Hormone Replacement Therapy (HRT)

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In women going through the menopause, hormone replacement therapy (HRT) is very effective in reducing the distressing hot flushes that are commonly experienced, and there is some evidence that it may help to prevent osteoporosis (bone thinning).

Gradually, more and more beneficial effects were claimed for HRT, including prevention of heart attacks and stroke. And millions of women, advised by their doctors, began using HRT for longer  because of claims of these and other extra benefits.

No wonder she was confused

In January 2004, a hysterectomy patient wrote this letter to The Lancet:

Read on

However, the basis of these claims was very shaky. Take heart attacks alone. For over 20 years, women were told that HRT would reduce their risk of this serious condition – in fact the advice was based on the results of biased (unfair) studies (see Chapter 1 and Chapter 6).

Then, in 1997, there was a warning that the advice might be wrong: researchers from Finland and the UK reviewed, systematically, the results of well-conducted studies.[8] They found that, far from reducing heart disease, HRT might actually increase it. Some prominent commentators dismissed this conclusion, but its tentative result has now been confirmed by two large well-conducted trials.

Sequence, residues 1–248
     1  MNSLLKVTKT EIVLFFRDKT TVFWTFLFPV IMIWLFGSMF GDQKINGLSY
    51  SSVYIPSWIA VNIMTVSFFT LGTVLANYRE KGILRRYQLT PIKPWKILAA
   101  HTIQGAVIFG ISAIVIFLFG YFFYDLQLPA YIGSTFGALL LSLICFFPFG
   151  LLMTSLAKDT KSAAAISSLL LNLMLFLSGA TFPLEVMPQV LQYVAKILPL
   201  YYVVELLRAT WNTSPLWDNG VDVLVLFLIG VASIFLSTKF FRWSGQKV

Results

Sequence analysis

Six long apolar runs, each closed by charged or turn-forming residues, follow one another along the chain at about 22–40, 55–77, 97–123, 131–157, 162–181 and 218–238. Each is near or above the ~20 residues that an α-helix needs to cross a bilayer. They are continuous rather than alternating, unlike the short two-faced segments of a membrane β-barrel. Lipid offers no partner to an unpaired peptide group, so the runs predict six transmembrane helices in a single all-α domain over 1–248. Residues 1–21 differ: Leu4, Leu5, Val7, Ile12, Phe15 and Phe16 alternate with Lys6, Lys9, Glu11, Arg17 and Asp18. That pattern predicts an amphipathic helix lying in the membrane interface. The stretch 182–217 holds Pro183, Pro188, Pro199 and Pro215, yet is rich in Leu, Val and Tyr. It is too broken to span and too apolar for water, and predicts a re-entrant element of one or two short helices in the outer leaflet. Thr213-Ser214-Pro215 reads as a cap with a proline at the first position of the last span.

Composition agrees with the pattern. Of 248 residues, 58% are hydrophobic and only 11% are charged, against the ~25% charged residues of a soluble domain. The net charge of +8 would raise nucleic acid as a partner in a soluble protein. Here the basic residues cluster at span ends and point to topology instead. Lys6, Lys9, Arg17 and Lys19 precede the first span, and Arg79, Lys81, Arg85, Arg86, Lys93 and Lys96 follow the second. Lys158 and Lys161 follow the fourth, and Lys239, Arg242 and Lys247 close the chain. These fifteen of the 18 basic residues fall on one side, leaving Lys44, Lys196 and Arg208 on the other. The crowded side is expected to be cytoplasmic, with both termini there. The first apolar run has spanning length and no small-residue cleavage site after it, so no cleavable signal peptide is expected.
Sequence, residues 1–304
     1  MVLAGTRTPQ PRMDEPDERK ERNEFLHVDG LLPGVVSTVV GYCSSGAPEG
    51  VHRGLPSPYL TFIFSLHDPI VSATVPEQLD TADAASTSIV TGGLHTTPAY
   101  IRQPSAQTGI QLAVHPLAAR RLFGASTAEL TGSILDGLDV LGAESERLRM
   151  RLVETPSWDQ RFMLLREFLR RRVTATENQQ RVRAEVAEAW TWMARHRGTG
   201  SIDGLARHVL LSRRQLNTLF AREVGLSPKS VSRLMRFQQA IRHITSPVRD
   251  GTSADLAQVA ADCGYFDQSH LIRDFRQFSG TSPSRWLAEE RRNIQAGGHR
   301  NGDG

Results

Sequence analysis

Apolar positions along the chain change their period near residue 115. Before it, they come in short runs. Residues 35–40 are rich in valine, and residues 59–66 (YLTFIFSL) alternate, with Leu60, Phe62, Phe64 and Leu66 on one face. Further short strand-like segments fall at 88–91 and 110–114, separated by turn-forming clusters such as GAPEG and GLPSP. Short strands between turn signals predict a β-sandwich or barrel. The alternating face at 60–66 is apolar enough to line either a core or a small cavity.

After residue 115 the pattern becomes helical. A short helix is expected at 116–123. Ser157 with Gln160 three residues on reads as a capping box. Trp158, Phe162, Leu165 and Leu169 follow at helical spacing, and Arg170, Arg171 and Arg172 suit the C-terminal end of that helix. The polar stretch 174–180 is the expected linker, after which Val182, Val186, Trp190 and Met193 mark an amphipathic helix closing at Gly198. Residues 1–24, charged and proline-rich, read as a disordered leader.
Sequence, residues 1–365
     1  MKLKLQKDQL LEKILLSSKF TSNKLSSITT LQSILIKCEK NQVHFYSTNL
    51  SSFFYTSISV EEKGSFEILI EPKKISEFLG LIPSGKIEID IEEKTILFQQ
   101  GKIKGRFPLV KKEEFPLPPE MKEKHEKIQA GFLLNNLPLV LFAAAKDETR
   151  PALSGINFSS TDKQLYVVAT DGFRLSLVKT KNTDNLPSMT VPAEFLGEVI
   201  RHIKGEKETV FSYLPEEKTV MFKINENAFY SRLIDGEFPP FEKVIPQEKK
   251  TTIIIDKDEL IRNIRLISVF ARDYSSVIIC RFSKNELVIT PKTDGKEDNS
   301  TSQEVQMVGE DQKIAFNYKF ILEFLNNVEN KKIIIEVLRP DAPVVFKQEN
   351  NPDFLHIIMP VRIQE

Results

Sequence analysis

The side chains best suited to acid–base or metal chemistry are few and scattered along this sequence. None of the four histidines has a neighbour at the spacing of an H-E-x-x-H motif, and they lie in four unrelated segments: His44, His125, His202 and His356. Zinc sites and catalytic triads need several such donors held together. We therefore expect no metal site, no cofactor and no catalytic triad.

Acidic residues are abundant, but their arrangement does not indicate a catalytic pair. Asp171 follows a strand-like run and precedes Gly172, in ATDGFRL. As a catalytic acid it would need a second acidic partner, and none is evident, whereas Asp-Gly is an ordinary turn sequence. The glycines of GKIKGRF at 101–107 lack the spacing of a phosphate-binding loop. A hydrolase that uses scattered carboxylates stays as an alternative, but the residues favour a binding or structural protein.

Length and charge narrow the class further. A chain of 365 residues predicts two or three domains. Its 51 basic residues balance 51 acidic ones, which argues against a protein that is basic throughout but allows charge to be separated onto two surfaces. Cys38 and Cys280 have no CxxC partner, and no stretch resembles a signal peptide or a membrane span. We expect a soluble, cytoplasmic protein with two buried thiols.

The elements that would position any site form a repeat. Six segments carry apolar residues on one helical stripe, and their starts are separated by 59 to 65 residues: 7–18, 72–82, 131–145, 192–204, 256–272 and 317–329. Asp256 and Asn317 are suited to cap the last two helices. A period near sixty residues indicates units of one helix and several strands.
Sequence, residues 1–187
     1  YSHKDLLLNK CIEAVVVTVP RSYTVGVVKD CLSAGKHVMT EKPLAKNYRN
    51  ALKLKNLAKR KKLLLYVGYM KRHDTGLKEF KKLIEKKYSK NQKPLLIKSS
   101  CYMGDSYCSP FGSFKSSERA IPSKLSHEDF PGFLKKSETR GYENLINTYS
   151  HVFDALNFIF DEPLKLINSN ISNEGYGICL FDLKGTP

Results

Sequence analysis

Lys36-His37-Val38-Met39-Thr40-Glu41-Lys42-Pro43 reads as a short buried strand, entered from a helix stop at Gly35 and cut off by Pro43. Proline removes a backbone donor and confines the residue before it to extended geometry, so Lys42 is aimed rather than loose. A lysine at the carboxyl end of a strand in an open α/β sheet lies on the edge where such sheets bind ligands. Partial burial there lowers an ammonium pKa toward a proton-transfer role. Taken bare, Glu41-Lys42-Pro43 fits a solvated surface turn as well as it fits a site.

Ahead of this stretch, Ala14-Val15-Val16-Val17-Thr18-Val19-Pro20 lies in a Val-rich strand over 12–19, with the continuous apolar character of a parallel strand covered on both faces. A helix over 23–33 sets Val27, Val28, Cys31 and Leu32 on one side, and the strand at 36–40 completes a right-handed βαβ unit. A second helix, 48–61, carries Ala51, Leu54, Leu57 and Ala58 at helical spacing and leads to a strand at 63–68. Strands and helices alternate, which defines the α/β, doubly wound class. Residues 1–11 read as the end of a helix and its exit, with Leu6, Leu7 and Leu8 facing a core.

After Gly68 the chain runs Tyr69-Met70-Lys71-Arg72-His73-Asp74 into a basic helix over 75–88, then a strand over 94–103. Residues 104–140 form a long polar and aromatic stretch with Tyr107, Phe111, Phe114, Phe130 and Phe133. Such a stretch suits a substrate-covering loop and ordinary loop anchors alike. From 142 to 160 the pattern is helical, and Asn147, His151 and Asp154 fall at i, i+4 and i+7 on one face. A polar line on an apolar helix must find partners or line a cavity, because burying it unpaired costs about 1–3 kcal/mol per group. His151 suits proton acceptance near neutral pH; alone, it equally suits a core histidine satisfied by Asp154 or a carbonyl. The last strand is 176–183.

Had the effects of HRT been assessed properly when it was first introduced, women would not have been misinformed and many of them would not have died prematurely. To make matters worse, we now know that HRT increases the risk of stroke and of developing breast cancer. [9]

Overall, HRT continues to be a valuable treatment for women with menopausal symptoms. [10] However, it is tragic that it was so heavily promoted specifically as a way of reducing heart attacks and stroke. Although the increased chance of these serious conditions is modest, the total number of women affected is very large indeed because HRT has been so widely prescribed.